Decentralized Identity Foundation

SC Election results: DIF welcomes new SC members Sam Curren, Daniel Buchner, Karyl Fowler, Rouven Heck, Markus Sabadello & Kaliya Young!

DIF announces its first community microgrant, sponsored by Microsoft and rewarding the timely creation of a comprehensive test suite for detached-JWS signatures on Verifiable Credentials

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Kaliya was elected to the DIF steering committee Decentralized Identity Foundation

The six elected candidates are Sam Curren (Indicio Tech), Daniel Buchner (Block), Karyl Fowler (Transmute), Rouven Heck (Consensys Mesh, Executive Director at DIF), Markus Sabadello (DanubeTech) & Kaliya Young (Identity Woman). Sam, Karyl, Markus and Rouven have been re-elected for another two year term as SC members. You can read more about the SC candidates’ background and vision for DIF here.

An example of the KERI DID registrar/resolver integrated in our library can be found here. This is also included in the Jolocom SmartWallet via the SDK integration. (KERI is currently being worked on in the Decentralized Identity Foundation’s Identifiers and Discovery Working Group,)

In particular, Affinidi has been at the forefront in building many components such as the Affinidi Wallet, Schema Manager, Consent Manager, and more that have enhanced the adoption of decentralised identity among communities and individuals.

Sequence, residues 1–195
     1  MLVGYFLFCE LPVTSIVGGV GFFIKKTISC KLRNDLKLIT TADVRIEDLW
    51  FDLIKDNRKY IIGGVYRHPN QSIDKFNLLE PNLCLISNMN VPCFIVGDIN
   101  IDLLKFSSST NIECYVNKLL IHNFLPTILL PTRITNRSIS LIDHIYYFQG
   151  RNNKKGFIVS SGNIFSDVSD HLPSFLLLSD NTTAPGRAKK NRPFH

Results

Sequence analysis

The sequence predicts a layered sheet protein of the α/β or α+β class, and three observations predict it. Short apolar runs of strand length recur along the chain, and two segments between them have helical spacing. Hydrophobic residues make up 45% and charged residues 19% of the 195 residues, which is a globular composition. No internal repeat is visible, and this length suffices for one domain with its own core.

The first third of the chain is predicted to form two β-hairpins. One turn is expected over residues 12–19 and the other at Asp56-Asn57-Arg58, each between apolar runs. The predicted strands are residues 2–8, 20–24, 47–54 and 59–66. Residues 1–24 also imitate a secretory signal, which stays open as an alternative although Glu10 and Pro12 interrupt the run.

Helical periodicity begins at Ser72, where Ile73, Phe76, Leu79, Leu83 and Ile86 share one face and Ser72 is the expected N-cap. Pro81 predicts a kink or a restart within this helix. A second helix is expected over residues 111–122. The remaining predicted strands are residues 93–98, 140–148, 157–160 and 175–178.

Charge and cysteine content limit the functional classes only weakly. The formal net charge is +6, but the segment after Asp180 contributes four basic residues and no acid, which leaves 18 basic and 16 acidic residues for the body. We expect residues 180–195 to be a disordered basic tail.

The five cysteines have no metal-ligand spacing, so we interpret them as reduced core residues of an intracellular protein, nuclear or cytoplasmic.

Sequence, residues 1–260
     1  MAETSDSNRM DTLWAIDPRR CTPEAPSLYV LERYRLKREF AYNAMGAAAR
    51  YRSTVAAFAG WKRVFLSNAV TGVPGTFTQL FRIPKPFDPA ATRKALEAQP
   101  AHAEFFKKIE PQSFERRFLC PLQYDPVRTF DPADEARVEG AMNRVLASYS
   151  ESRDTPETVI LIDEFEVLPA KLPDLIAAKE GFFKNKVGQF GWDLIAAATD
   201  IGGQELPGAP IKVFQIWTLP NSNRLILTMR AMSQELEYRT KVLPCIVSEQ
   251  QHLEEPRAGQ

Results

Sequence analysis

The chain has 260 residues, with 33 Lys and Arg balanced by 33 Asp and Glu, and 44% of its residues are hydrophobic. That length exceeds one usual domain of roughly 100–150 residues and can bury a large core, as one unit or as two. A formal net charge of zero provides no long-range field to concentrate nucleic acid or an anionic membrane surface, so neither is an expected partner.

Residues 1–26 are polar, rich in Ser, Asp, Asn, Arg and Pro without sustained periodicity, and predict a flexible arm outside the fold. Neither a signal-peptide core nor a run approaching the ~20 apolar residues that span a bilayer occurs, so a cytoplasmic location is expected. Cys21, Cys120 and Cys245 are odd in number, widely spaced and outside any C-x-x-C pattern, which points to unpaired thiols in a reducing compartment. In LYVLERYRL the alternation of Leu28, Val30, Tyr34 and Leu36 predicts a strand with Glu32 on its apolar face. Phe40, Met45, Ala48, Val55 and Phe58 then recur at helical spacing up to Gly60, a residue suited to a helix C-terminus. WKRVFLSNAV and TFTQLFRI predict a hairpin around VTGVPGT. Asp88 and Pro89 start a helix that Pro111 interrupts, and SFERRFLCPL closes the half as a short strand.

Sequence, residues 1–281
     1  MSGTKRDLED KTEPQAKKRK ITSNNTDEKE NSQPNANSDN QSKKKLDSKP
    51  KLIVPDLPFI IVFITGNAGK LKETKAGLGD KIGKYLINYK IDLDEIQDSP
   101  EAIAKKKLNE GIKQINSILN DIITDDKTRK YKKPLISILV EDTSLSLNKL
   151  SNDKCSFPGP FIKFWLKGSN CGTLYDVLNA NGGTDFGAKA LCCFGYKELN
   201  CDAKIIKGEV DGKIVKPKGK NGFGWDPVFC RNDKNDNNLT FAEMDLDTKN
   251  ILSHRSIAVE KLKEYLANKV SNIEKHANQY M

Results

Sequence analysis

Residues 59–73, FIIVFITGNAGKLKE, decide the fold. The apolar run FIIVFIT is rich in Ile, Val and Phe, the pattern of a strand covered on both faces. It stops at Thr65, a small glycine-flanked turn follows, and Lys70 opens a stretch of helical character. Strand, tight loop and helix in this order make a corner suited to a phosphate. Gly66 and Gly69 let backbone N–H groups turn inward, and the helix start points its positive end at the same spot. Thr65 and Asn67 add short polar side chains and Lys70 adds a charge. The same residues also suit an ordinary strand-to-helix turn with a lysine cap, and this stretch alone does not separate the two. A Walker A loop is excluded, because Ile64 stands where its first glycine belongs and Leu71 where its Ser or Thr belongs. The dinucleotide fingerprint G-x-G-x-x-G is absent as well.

These will probably always differ and make a universal abstraction impossible; and that’s not a bad thing! These requirements are always going to be specific to each regulatory context, and without them, innovation (and large-scale investment) are endangered by regulatory uncertainty.

The Interoperability working group will be tracking them and providing guidance and documentation where possible. Importantly, though, there is a new DIF Working Group coming soon, the Wallet Security WG, which will dive deeper into these profiles and requirements, benefiting from a narrow scope and IPR protection, allowing them to speak more bluntly about the above-mentioned details.

Having shown in our last piece how interoperability “profiles” are designed, we now tackle some key technical problem areas ripe for this kind of profile-first interoperability work across stacks.

We are keen to support more interoperability activity and hopefully testing this fall and winter. In order to do this we would like to gather feedback from the community as to where we are at so we can assess how to move forward.

Please Note: Information on this survey will be shared with the chairs of the DIF Interop Group

At its core, WACI can be thought of as a handshake using classic, industry-standard JWTs: the “Relying Party” signs a token given to the end-user’s wallet, and the wallet signs over a “challenge” contained within it, proving ownership of a DID.

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